This project aims to investigate the current and future role of skills initiatives in local and regional economic strategies.
It places particular emphasis on how university initiatives and partnerships can support the building of economic resilience within the West Midlands, and short-long term recovery from the COVID-19 crisis. It uses as its platform research undertaken by City-REDI researchers on local skills systems, their contributions to Local Industrial Strategies and work undertaken on ‘skills’ and ‘place’ with the Industrial Strategy Council. It also endeavours to build on skills research in West Midlands Combined Authority, the Office for Data Analytics and other WMREDI as well as work undertaken in the West Midlands on the LIPSIT project. It seeks to expand understanding by focusing on the role of universities within local economic recovery planning.
Research Theme 1
Skills and local labour Markets
Work Package 1 will advance existing learning about how universities have contributed to local industrial strategies (particularly in relation to skills needs in priority sectors), by considering the role of universities in resetting the region’s economic strategy as it seeks to respond to and recover from the COVID-19 pandemic. It will produce case studies contrasting experiences in the three West Midlands Combined Authority LEP areas. Such an approach will enable comparison between the differing university models in the three LEP areas. Key research questions explored in this work package include:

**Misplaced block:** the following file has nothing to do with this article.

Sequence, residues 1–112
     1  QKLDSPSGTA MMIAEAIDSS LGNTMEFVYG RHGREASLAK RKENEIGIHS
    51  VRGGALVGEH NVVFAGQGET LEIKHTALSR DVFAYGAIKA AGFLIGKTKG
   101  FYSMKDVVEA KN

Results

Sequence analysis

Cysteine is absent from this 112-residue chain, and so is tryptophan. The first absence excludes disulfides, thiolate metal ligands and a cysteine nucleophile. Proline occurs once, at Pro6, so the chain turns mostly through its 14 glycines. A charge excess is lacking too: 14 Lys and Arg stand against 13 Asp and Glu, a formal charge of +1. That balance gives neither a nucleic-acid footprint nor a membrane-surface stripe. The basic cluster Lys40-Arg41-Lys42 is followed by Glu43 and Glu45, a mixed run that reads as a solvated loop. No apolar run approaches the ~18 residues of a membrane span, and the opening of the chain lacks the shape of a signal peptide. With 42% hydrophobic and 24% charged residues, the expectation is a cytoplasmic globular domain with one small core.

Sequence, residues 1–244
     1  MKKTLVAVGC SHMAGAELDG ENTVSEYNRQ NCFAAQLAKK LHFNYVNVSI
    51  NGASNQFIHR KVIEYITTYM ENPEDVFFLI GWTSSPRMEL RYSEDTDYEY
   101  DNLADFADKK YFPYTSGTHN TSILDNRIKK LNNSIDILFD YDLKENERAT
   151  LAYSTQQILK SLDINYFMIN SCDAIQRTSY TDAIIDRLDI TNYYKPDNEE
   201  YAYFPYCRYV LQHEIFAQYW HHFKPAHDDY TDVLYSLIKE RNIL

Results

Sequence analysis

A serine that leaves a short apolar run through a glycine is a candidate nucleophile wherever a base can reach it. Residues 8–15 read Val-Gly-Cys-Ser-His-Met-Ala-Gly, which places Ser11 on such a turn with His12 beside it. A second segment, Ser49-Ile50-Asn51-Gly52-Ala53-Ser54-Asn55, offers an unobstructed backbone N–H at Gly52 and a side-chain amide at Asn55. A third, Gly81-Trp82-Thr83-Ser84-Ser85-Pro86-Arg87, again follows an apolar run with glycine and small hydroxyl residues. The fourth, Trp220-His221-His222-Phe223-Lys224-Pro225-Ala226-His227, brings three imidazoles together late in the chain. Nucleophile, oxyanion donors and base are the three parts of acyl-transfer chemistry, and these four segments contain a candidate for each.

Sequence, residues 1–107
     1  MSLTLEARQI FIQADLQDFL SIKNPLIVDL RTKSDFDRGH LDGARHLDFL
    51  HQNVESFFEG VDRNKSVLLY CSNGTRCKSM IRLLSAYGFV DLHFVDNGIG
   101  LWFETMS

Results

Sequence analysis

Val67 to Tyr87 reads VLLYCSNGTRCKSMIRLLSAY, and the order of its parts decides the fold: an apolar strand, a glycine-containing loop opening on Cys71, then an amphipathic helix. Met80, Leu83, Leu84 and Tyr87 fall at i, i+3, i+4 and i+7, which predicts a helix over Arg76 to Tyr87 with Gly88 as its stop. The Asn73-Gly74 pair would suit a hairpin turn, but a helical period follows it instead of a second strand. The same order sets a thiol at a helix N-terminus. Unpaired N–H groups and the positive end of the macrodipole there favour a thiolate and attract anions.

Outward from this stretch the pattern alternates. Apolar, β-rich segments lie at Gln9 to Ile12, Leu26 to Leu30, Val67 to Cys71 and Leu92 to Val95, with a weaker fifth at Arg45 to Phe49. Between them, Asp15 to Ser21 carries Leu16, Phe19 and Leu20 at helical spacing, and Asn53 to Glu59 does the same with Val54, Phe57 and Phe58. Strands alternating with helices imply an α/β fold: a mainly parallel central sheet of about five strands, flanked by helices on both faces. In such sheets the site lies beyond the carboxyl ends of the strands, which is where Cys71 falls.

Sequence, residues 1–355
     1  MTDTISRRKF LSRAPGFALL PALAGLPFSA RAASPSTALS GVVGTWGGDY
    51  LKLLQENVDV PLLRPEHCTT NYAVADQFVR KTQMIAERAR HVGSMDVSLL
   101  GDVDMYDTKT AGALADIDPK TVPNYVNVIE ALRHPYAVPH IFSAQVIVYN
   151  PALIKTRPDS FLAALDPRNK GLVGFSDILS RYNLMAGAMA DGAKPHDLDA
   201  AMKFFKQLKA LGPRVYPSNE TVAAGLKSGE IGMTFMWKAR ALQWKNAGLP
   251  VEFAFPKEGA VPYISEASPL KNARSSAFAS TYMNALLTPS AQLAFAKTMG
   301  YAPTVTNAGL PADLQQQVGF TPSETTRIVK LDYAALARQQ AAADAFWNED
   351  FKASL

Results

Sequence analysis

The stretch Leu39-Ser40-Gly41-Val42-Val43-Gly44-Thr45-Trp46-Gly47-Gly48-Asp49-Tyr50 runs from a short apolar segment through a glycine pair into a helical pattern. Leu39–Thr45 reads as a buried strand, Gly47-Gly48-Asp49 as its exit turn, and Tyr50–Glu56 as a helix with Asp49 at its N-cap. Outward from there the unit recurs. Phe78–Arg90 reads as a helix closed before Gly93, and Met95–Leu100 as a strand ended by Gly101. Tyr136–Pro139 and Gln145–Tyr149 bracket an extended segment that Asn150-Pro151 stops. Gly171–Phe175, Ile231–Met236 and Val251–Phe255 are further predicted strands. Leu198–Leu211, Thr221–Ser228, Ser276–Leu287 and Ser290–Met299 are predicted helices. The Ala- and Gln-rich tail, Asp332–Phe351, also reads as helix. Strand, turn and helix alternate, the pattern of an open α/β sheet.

- What is the role of universities in local skills ecosystems?
- What is the role of universities in relation to skills in immediate regional recovery plans in the West Midlands
- How are universities seeking to address short-term skills issues (e.g. brokering opportunities for graduates in demand sectors, supporting training in demand sectors and helping industries that could be subject to decline – both in terms of support to firms and to workers at risk of unemployment, helping to identify skills issues)?
- How have different types of universities (e.g. Russell group, post-1992) differed in their response and level of involvement in recovery planning? To what extent are they engaging with colleges?
- What sorts of contributions from universities do/have policy makers value/d most in this space?
- To what extent and how have universities worked together as part of response and recovery policy?
- Are there new ways of working that should be maintained in future?
The project is divided into two Work Packages (WPs):
- WP1: seeks to investigate what universities are doing in to respond to Covid-19, while drawing on work undertaken to support the development of Local Industrial Strategies (LISs) and planning for economic recovery.
- WP2: is concerned with developing understanding of what a future local skills system would ideally look in the short-/medium/long-term and the place of universities within it.